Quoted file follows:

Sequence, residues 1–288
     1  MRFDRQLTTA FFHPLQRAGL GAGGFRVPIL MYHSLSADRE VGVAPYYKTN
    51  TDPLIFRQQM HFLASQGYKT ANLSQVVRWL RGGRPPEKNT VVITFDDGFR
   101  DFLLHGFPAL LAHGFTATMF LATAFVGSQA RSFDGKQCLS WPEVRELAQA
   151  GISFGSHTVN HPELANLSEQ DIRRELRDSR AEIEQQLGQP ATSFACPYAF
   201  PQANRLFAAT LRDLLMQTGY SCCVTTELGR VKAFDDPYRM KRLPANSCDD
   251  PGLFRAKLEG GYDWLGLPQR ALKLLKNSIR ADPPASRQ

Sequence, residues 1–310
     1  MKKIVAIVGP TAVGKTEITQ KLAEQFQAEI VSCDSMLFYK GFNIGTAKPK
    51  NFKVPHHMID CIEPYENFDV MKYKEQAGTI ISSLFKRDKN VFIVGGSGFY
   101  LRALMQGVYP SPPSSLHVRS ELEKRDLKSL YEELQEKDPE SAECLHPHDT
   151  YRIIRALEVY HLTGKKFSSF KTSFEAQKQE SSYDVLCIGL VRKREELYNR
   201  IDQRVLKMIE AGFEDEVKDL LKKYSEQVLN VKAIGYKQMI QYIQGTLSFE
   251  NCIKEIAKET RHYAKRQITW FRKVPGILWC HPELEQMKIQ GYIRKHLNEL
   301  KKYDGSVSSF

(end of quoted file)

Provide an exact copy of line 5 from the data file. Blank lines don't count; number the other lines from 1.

   151  GISFGSHTVN HPELANLSEQ DIRRELRDSR AEIEQQLGQP ATSFACPYAF